whole-farm resource allocation). This may require some short-term
Consultancies as well as an appropriately interested second Speciatist
appointment in agricultural economics.










Reduction in the amount and simplification of data collection to
digestible levels will save considerable time and improve utilization.
The existing farm/plot size, cropping patterns and intensity, production
inputs and practices, source and quantity of water, amount and source of
labor and farm power, financial situation and/or access to credit, and
positive and negative social aspects should be adequate initially.
Expansion and refinement of data collection should be initiated later as
the human resources, equipment and/or competence to analyze and 'utilize
the data are available. The Team noted with interest the observation of
Dr Barker in his consultancy report "Everywhere the tendency has been to
collect too much data without thinking through the objectives and
analysis. We at IRRI have been as guilty as everyone else on this
score .

Extension agents should be involved in designing the trials, monitoring
the results and monitoring the adoption of the'new technologies.








2.4 ECONOMICS AND SOCIAL SCIENCES


The Project Paper is not very clear about intended achievements:in the
fields of Economics and Social Science (ESS). On p.6 it endorses the
1980 report of the joint GOB/AID/IBRD review team which states:
"Agricultural economics and social sciences must be more fully involved
in problem diagnosis, planning research, monitoring and interpreting
results relevant to farm conditions." The contract specifies that the
agricultural economists will train local staff, organize a central unit
to process and analyze data, and "advise on socio-economic criteria
relevant to research activities and priorities". They will do "analysis
of the issues related to appropriate technology and employment of
landless and marginal farmers as well as women and family members"; They
will also "design and execute surveys on farm practices, problems,
employment opportunities and division of labor"(Contract, Appendix A.
p.8).

Progress


The major achievements in the ESS area include (a) the initiation of
contract research projects, (b) teaching short courses on descriptive
statistics for people working with farming systems, (c) selection of
candidates for Doctoral and Master degrees, (d) assisting
anthropologist Dr Wallace to initiate his research, and (e) bringing Dr
Barker (Cornell) in as a Consultant.

The major topics chosen for contract research were important ones for
small farmers technology assessments of wheat, maize, potatoes and
other tubers; cropping systems, and irrigation management. The initial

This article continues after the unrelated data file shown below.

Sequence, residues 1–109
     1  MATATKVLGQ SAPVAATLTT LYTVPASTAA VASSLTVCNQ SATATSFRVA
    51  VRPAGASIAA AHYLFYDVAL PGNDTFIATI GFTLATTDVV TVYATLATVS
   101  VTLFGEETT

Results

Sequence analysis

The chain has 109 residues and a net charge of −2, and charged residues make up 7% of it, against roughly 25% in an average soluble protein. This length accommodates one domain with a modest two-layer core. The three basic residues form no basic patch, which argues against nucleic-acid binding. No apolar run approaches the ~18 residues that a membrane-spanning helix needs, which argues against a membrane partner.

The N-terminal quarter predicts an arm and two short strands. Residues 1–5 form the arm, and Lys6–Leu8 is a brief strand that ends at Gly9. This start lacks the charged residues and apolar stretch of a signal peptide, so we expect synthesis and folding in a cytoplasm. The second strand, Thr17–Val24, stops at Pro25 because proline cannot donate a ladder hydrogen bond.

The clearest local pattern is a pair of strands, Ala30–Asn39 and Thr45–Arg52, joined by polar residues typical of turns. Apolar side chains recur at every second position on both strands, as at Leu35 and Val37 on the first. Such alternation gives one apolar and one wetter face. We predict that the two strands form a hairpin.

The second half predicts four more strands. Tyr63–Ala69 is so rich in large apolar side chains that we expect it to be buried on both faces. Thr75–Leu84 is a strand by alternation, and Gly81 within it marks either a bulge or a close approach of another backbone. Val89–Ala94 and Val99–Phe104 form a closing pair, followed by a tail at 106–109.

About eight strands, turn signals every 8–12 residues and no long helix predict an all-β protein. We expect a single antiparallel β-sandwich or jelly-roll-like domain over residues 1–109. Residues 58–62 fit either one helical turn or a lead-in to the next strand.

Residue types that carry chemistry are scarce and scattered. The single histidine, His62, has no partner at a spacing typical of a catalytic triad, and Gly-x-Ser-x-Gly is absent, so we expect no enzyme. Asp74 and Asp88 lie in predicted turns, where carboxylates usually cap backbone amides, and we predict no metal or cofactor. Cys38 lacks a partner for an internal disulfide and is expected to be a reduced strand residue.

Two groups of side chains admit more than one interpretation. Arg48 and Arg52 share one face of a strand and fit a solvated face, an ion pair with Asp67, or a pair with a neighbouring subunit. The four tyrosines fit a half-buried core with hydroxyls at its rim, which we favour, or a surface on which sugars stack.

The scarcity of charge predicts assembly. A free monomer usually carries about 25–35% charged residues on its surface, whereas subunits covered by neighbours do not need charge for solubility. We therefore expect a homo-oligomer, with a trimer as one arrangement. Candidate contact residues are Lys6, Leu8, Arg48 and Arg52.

Project proposals were not impressive. Recently, the application forms
and selection procedures for new projects have been greatly improved.
The IADS Specialists have helped to integrate the ESS cropping systems
research program with the Crops cropping systems research program. Dr
Greene has been upgrading the statistical skills of the scientists at
the sites and is now starting to work on their economics skills. If
successful, he will have made an important contribution to CSR because
the staff will have a better understanding of what they are doing, and
will take more pride in their work. Finally, the regular visits of Dr
Manzano and Dr Greene to the sites allow them to identify weaknesses in
design of field work, and encourage the staff to improve their methods.

Since Dr Gisselquist arrived, the role of BARC in the water management
area has increased. He has submitted several proposals to the Member
Directors which would further strengthen BARC's role in this area -
these include funding for a bibliography, staff support and library
facilities. The role of the Specialists is discussed..in more detail in
section 2.8.

Issues


Social science research is useful if it -helps scientists allocate
research resources more effectively, helps farmers allocate their
resources more efficiently, or helps policy makers develop more


71









effective policies. The closest ties at present are with other
scientists. At BARI and BRRI, agricultural economists do discuss their
plans and results with other scientists. However, they seem to have
little impact on the plans of other agricultural scientists.

The agricultural economists of the BARC group of institutions do not
appear to be closely linked to policy-makers. The Team did not see any-
policy studies for the Ministry of Agriculture.This is probably due to
the fact that these institutes simply do not have sufficient well
trained social scientists.

The linkage with farmers is also weak. Most BARC-related social
scientists are located in Dhaka and Joydebpur. They go out occasionally
to interview farmers.The only social scientists in branch stations of
BARC institutions seem to be the economists associated with cropping
systems work. However, the regional economists did not seem to be
developing close contacts with farmers.On one CSR site the economist did
not know if any farmers had adopted the new patterns. They understand
little about the potential of cropping systems for solving farmers'
problem. Also they seem to play little role in developing the regional
stations' research program.